The economy is on fire. That’s the general mood amongst analysts and business pundits. It seems the South African economy has had to contend with one setback after another and with elections close by, the ANC is determined to put its best foot forward and reassure the country that all is not lost. At this past weekend’s lekgotla, the governing party made a commitment to set-up a presidential task force to focus on resolving the country’s economic woes.
This isn’t the first push by the ANC to tackle the economy, the ANC-led tripartite alliance with Cosatu and the SA Communist Party (SACP) that was to develop and implement a National Development Plan (NDP) has stuttered to a mysterious halt, allegedly because the three just can’t get along. More talking is evidently needed, which eventually leads to less action being taken. With little movement on this front, the ANC will be motivated to identify other solutions such as the above mentioned task force to show the nation that the economy has not been forgotten.
It could be too little too late, as the political piranha season is now in full swing, and one year may not be enough to convince South Africans that the ANC can do the job. The nation has seen the prices of commodities go up, the value of the Rand dragged through the mud and foreign direct investment take a hit, let’s not forget low rates of job creation and nasty labour disputes.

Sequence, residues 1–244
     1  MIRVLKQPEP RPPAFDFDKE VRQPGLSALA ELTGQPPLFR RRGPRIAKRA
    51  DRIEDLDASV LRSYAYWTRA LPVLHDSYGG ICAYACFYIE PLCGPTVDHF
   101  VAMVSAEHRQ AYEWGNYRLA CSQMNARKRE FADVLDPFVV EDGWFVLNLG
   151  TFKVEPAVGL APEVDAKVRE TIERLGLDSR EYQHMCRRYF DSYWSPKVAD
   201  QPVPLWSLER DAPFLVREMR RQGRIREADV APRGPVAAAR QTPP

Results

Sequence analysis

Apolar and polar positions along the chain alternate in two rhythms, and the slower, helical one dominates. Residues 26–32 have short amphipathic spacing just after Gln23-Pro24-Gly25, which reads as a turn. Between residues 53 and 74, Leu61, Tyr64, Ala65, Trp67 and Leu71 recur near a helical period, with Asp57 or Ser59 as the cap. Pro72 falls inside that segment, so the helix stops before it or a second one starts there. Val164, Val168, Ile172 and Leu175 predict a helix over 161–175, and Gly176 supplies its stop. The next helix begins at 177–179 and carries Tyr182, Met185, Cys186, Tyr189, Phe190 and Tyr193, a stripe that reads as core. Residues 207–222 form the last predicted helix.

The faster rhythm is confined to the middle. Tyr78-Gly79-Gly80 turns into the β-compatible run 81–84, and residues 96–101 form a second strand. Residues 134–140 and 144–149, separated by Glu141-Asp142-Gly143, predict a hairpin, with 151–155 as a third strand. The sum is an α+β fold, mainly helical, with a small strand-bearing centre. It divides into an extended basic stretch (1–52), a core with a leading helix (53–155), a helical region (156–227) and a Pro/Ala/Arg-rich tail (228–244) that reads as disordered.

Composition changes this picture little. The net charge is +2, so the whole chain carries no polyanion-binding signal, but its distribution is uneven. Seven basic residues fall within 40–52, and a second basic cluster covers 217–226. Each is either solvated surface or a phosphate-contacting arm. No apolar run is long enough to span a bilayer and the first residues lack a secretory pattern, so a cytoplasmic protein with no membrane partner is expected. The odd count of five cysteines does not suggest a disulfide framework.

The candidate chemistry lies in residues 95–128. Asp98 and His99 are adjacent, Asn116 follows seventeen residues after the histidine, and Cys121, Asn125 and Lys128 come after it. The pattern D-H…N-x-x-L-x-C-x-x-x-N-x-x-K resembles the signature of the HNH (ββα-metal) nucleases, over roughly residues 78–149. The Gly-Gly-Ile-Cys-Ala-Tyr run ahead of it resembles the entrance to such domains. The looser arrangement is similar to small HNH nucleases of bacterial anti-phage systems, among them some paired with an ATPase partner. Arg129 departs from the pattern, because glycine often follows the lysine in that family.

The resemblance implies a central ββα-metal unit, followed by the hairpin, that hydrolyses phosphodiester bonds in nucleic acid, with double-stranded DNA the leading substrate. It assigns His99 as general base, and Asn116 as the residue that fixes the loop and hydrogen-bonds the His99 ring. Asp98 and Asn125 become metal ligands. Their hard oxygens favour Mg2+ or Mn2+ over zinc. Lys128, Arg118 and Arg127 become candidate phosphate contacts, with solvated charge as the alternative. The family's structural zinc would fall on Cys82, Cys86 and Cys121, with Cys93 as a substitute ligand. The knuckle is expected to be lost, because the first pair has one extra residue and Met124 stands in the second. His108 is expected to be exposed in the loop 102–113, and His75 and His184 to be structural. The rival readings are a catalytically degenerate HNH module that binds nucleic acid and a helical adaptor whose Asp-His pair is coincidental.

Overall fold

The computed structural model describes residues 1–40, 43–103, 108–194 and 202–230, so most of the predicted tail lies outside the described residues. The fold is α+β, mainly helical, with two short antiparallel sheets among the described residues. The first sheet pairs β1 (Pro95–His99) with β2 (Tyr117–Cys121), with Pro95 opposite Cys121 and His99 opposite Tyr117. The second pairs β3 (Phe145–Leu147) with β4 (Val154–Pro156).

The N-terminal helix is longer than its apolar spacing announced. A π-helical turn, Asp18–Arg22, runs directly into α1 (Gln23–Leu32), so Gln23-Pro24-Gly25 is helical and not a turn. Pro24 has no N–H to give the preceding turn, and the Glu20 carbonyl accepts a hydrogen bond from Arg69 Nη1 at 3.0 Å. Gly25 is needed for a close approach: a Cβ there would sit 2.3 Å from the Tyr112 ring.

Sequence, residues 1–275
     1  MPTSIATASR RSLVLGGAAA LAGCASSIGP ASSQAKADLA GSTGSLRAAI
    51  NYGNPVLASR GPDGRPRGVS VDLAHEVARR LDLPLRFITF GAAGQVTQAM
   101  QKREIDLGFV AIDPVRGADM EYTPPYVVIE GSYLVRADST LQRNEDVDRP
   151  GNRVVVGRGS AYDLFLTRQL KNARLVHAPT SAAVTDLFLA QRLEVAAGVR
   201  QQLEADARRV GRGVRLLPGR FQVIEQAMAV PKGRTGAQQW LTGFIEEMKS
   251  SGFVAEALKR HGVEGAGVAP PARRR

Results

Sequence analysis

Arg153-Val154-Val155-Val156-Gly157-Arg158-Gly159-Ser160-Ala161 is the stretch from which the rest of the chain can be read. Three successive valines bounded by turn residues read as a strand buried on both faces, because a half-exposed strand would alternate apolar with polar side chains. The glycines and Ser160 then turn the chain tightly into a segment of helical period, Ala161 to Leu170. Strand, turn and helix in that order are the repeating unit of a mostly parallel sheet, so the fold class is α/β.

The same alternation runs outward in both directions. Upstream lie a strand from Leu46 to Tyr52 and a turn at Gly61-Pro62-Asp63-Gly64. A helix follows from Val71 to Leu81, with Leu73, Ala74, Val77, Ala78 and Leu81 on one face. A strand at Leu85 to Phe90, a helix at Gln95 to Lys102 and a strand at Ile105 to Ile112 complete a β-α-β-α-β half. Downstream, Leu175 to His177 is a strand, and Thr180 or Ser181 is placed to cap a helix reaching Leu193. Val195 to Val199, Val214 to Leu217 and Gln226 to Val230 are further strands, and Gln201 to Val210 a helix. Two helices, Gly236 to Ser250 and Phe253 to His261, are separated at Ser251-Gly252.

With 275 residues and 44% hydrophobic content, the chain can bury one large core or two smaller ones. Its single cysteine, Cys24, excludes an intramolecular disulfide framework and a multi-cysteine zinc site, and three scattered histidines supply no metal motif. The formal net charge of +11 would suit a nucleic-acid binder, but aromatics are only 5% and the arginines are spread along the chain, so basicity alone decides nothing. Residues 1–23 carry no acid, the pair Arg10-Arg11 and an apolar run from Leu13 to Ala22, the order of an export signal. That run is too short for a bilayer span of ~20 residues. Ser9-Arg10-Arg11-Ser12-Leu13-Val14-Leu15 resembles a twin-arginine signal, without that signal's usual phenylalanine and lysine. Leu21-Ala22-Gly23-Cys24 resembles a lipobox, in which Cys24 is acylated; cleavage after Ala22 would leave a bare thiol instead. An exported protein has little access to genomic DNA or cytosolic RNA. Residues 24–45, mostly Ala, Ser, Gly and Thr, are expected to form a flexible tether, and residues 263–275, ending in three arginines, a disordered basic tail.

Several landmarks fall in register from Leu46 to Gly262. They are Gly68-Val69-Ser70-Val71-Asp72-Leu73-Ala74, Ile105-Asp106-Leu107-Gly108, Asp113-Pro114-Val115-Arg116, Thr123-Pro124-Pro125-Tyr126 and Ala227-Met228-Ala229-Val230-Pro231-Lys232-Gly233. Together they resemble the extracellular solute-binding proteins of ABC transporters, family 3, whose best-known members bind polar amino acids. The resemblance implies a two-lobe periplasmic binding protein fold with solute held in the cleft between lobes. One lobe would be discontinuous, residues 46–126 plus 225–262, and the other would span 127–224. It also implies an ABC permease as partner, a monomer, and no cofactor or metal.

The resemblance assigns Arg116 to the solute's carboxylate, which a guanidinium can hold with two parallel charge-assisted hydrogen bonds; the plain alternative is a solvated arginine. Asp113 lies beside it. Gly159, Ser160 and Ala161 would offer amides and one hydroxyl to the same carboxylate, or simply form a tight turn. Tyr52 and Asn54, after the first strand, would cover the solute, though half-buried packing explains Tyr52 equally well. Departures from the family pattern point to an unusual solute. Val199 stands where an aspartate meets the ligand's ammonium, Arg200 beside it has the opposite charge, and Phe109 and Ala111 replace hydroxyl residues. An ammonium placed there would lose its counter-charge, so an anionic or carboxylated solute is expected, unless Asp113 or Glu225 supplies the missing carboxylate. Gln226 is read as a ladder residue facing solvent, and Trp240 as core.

The opposition is planning to go to town on Mr. Zuma’s party’s ability to manage and increase the country’s coffers, the average man on the street is disgruntled and disillusioned and some believe that the ANC is losing its post-independence luster. The adage “It’s the economy, stupid” is going to be a major campaign issue in the 2014 elections and with the ANC having run the show for the past 20 years, all the opposition has to do is kick back and throw mud, and there’ll be plenty of it.
With the count-down to the elections having started and finger pointing abounding, the ANC will be at a loss at who to point the finger at for the disarray in the economy. Whether they can scramble a response to the opposition mud-slinging in time and not lose ground on the economy during the next elections is yet to be seen. Being the party that led the nation to independence may not be enough to win over South Africans this time around, this time “money in the bank” will be everyone’s focus.